Tearing the end off a crunchy French baguette on the way home from the boulangerie or dunking a flaky pastry in a morning coffee. A distant memory for those of us who follow a gluten free diet. Some things just can’t be recreated without gluten (although gluten free brownies are delicious and often better than the fully loaded, white flour varieties).
A good, chewy sourdough is a precious thing and I think I may have found the answer for those who are gluten free.
Fed up with rubbish and/or ridiculously expensive shop bought gluten free bread, I set out to make something that would do justice to my avocado and poached eggs. Finally, with a little inspiration from Naomi Devlin’s River Cottage course, I think I may have cracked it.
While this recipe might seem time consuming, it’s more a matter of patience than elbow grease. As the saying goes, all good things come to those who wait…
Gluten Free Buckwheat sourdough
Makes 1 loaf
150g Sourdough starter*
100g Rice flour
140g Buckwheat flour
On the day
125g Gluten Free Plain flour (I use Bob’s Red Mill All Purpose flour)
60g Ground linseeds
1 Tablespoon Psyllium husk & 1 Teaspoon Salt dissolved in 60ml water
This loaf is best started the night before you want it. Mix the sourdough starter, rice flour, buckwheat flour and water together in a bowl. Cover and leave to soak overnight, in order to start breaking down the grains which make them more digestible.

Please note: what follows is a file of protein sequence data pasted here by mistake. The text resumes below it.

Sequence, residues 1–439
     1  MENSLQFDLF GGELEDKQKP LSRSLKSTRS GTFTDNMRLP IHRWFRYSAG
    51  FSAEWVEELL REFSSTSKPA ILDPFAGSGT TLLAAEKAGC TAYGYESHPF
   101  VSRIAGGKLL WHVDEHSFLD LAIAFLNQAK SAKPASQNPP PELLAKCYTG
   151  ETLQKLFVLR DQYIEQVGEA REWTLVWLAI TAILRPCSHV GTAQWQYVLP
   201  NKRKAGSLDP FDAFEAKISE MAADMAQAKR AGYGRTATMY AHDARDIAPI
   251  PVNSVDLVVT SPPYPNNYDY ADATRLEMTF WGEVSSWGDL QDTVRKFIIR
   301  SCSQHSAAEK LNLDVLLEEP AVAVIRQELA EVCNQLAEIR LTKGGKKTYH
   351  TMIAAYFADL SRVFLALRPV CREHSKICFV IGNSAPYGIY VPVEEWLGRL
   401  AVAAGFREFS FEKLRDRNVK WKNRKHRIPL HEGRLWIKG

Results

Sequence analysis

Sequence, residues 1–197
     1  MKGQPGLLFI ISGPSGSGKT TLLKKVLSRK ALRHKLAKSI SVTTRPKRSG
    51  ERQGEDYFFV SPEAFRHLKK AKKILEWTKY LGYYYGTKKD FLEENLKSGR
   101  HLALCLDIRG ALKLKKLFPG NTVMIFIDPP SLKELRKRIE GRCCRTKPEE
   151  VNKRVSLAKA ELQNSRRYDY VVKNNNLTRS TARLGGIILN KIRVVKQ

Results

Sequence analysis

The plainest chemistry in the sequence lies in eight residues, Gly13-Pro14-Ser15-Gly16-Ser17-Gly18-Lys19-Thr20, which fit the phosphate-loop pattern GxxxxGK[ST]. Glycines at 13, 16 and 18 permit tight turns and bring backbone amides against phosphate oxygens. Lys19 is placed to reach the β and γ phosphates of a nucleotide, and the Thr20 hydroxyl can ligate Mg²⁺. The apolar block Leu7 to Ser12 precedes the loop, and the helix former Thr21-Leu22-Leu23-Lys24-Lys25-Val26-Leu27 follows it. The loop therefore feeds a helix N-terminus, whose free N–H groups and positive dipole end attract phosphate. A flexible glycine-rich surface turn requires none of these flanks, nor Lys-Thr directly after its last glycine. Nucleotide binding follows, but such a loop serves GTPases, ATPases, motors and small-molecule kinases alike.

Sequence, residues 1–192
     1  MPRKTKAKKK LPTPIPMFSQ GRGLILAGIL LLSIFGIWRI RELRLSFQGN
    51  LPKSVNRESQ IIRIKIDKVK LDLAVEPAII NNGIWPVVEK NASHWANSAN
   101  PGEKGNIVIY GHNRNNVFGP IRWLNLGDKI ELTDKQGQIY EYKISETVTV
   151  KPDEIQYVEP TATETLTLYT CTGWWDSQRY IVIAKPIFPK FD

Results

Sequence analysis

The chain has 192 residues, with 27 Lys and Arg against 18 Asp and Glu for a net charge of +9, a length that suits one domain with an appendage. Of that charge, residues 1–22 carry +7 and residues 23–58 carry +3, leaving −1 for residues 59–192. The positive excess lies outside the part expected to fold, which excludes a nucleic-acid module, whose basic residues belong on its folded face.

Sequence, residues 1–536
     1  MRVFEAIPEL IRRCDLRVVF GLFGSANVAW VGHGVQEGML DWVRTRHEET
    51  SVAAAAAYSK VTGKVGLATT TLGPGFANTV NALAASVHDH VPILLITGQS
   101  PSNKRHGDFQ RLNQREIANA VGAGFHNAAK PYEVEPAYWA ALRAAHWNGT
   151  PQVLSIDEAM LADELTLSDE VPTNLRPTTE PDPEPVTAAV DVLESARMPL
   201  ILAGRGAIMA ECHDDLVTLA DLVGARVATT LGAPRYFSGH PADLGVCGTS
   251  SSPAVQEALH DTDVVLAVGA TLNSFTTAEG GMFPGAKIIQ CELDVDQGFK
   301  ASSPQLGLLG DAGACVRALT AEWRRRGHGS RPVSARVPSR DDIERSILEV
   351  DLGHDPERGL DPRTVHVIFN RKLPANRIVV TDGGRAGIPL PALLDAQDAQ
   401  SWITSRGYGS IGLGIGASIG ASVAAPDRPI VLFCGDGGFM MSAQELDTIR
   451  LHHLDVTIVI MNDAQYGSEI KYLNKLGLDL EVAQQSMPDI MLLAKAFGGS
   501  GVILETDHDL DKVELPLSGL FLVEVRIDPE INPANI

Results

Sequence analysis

In the morning, mix in the plain flour & ground linseeds. Stir through the molasses plus the psyllium mixture until the dough has turned the colour of ginger cake.
The dough should be the texture of a fairly firm cake batter. Grease a 1lb loaf tin with butter and sprinkle with some extra ground linseeds. Pour the dough into the tin and smooth the top a little. Leave to rise in a warm place for 3-4 hours.
If you need to create a warm place for the loaf to rise, set your oven to its lowest temperature for 10 minutes and then turn off before placing the loaf inside.
When nearly ready to bake, set the oven to 200°C (remembering to first remove the loaf if you had it in there to rise!)
When the oven is up to temperature, carefully place the loaf on the middle shelf. To help create a crispier crust, you can place a tray of hot water on the bottom shelf to create some steam.
Bake the loaf for 20 minutes before turning the oven down to 170°c for a further 45-50 minutes. If the loaf looks like it is becoming too dark on top, simply cover with some tin foil.
Remove the loaf from the oven and take out of the tin using a cloth to protect your hands. Tap to bottom of the loaf to check if it is ready – it should sound hollow. If not, return to the oven without the tin for an extra 10 minutes.
Leave to cool completely before slicing. The loaf is best eaten on the day or sliced and stored in the freezer, ready to pop straight in the toaster when needed.
* To create a gluten free sourdough starter, Naomi Devlin has a great recipe using rice flour in her River Cottage Gluten Free book. Alternatively you could simply use 100g good quality live natural yoghurt & 50g rice flour in its place.
Ros Bates created 'A Manner of Eating' to provide recipes & resources for those with food intolerances. She is also Head of Nutrition at Healthy Start Holidays.